I did pick up most of the Batman issue #0's, which have inspired me to write a bit about the nature of comic reboots and DC's New 52 specifically.
|The New 52 Bat-Family|
The (somewhat acceptable) reasons for a reboot:
New Readership: the comic universe/stories have become too convoluted for new readers to jump in. 90's comics in particular are notorious for this. A reboot provides a spot for new readers to jump in, even if they have no knowledge of anything that came prior.
- The other way to fix this is to keep the universe consistent, but renumber/title the series. With the first few issues, the writers have to make sure they're writing introductory pieces to help get new readers up to pace ASAP. Uncanny X-Force #1 (which I've just read) included a brief-yet-detailed timeline at the end of the issue, and I found it extremely useful. This can be difficult, however, if other related series that constantly tie in are not given similar treatments.
Updated Timelines: with reboots, years can be turned back on well loved characters. Batman's first appearance was in 1939, yet Bruce Wayne still looks to be in his late 20s/early 30s. In a progressive story where events that shape the world take place and time actually seems to pass, this can be VERY disconcerting. Before the reboot, Batman had enough time to train several Robins: the oldest of which became the hero Nightwing when he reached adult age and the most recent being Bruce's own 10 year old son (I think he was ten pre-reboot, anyway).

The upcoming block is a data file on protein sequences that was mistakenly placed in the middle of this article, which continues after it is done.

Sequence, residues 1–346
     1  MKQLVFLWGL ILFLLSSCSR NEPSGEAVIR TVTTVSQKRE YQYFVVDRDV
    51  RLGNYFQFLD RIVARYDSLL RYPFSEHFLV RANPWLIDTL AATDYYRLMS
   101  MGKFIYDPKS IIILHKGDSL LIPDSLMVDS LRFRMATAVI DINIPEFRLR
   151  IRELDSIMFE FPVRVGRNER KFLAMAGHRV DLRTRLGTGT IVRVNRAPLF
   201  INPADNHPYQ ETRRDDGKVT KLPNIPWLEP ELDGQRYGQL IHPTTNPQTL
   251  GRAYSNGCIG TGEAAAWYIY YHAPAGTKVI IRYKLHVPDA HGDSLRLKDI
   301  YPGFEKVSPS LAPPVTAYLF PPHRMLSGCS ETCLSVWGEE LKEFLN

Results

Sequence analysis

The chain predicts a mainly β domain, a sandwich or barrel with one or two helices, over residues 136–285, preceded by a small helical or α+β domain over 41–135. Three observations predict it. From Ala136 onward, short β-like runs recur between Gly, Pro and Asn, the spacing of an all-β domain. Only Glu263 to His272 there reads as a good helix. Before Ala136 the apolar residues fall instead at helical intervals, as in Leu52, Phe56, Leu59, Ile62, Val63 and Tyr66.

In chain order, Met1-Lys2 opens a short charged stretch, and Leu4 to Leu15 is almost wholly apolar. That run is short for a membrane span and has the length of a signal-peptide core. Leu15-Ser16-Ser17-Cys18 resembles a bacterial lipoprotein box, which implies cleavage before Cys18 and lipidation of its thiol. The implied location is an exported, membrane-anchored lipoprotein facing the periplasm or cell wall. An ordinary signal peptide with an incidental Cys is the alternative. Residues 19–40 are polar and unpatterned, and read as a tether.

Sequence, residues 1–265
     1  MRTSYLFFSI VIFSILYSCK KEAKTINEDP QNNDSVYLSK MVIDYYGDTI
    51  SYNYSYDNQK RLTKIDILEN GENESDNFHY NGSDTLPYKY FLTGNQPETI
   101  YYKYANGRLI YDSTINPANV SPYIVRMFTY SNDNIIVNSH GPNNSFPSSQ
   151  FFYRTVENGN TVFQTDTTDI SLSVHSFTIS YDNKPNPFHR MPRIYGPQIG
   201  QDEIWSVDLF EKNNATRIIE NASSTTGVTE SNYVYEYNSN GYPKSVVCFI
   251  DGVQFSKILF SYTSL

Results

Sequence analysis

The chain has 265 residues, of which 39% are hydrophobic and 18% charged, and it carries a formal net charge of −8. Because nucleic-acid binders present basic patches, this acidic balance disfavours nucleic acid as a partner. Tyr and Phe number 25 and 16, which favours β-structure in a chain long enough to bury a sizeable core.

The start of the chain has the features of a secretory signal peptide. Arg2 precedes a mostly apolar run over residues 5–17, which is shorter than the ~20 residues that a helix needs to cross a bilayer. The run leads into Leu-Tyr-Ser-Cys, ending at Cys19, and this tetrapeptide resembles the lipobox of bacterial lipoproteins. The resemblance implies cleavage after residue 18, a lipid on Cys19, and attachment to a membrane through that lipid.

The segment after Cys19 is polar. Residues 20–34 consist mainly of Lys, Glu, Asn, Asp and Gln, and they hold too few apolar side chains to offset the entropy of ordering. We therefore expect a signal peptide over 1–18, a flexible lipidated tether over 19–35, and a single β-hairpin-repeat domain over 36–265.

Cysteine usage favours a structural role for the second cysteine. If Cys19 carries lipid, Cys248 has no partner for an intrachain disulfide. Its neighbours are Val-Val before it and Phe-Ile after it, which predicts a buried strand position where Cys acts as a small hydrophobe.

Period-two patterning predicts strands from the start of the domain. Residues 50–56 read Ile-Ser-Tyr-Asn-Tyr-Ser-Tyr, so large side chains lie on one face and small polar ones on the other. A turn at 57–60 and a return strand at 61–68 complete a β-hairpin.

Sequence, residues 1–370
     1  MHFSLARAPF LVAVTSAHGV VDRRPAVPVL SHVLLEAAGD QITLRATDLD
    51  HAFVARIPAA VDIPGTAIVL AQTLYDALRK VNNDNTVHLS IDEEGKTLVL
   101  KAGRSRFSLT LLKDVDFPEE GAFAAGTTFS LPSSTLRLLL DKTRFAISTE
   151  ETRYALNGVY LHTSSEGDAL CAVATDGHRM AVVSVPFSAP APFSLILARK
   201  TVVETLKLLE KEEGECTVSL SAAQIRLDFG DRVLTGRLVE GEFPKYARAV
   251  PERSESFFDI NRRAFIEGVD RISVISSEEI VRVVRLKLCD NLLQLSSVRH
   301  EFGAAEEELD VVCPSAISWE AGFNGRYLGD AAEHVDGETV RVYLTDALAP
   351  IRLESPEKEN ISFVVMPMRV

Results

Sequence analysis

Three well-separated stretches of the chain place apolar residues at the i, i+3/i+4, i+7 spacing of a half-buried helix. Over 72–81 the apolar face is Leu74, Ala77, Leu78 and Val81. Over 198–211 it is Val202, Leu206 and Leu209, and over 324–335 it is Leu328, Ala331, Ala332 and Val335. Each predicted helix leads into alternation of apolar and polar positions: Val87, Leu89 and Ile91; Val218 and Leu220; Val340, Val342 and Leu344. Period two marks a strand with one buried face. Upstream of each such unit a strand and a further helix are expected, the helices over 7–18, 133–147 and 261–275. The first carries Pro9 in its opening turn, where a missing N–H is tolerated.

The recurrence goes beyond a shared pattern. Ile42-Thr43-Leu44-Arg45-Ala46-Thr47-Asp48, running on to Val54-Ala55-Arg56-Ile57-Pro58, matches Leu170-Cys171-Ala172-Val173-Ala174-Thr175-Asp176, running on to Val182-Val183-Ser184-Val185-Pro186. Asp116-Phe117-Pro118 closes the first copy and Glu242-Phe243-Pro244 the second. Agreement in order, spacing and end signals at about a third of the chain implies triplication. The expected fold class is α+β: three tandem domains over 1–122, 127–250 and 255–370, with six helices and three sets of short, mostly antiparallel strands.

This shows that over a decade has passed for Bruce Wayne -- he should be starting to show his age more and more, and the comics must go on. With a reboot, time can be condensed. Since comics try not to pile major event on top of major event, there can be a lot of time in-between important events. The New 52 reboot has Bruce Wayne being Batman for only six years, though Nightwing and Damien are still around (There are other examples as well). More on this when I get to the problems with reboots... Though we now have a younger Bruce Wayne set in today's world(ish). This allows new, updated stories with the same faces that have become icons.
|An example of a confusing timeline (Spider-Man)|
Fixing Characters/Stories: sometimes, important characters get killed or universe changing events happen that make it hard to keep a story going forward. This is in addition to convoluted, year long storylines. To fix this, the universe can be completely reset. Sure, it can cheapen a character's death, but it can also lead to a surge in readership and interest. I'm thinking of the death of (Barry Allen) Flash during Crisis on Infinite Earths. He dies in 1985 but came back in 2005 during another major event. Most current example is that Barbara Gordon is Batgirl again in the New 52, though it looks like they might be crippling her again with the upcoming storyline.
-This isn't a great way to fix it, but it can be the most effective for reviving/fixing multiple characters.
|The infamous Retcon Punch. Ouch.|